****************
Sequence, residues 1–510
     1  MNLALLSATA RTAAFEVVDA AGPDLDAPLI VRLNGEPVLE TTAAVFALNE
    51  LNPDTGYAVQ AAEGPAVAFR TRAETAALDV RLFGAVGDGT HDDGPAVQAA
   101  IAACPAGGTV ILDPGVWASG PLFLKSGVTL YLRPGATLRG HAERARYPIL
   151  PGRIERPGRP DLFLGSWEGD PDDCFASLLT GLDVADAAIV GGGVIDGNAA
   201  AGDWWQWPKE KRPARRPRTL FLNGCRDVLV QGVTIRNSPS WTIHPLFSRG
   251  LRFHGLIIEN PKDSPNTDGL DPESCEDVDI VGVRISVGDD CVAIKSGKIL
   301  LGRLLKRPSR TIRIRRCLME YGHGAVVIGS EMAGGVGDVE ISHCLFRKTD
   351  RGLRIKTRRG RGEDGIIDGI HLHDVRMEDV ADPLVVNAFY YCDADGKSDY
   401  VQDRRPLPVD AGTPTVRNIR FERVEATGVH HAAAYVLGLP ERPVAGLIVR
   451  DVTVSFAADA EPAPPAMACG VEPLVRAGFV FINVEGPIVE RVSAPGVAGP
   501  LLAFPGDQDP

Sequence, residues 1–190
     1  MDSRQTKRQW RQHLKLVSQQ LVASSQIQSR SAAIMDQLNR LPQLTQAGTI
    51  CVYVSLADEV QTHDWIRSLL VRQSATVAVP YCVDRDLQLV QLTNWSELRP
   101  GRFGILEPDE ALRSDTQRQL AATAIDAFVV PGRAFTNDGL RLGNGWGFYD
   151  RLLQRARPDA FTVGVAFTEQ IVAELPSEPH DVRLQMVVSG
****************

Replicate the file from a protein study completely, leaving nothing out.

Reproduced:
Sequence, residues 1–510
     1  MNLALLSATA RTAAFEVVDA AGPDLDAPLI VRLNGEPVLE TTAAVFALNE
    51  LNPDTGYAVQ AAEGPAVAFR TRAETAALDV RLFGAVGDGT HDDGPAVQAA
   101  IAACPAGGTV ILDPGVWASG PLFLKSGVTL YLRPGATLRG HAERARYPIL
   151  PGRIERPGRP DLFLGSWEGD PDDCFASLLT GLDVADAAIV GGGVIDGNAA
   201  AGDWWQWPKE KRPARRPRTL FLNGCRDVLV QGVTIRNSPS WTIHPLFSRG
   251  LRFHGLIIEN PKDSPNTDGL DPESCEDVDI VGVRISVGDD CVAIKSGKIL
   301  LGRLLKRPSR TIRIRRCLME YGHGAVVIGS EMAGGVGDVE ISHCLFRKTD
   351  RGLRIKTRRG RGEDGIIDGI HLHDVRMEDV ADPLVVNAFY YCDADGKSDY
   401  VQDRRPLPVD AGTPTVRNIR FERVEATGVH HAAAYVLGLP ERPVAGLIVR
   451  DVTVSFAADA EPAPPAMACG VEPLVRAGFV FINVEGPIVE RVSAPGVAGP
   501  LLAFPGDQDP

Sequence, residues 1–190
     1  MDSRQTKRQW RQHLKLVSQQ LVASSQIQSR SAAIMDQLNR LPQLTQAGTI
    51  CVYVSLADEV QTHDWIRSLL VRQSATVAVP YCVDRDLQLV QLTNWSELRP
   101  GRFGILEPDE ALRSDTQRQL AATAIDAFVV PGRAFTNDGL RLGNGWGFYD
   151  RLLQRARPDA FTVGVAFTEQ IVAELPSEPH DVRLQMVVSG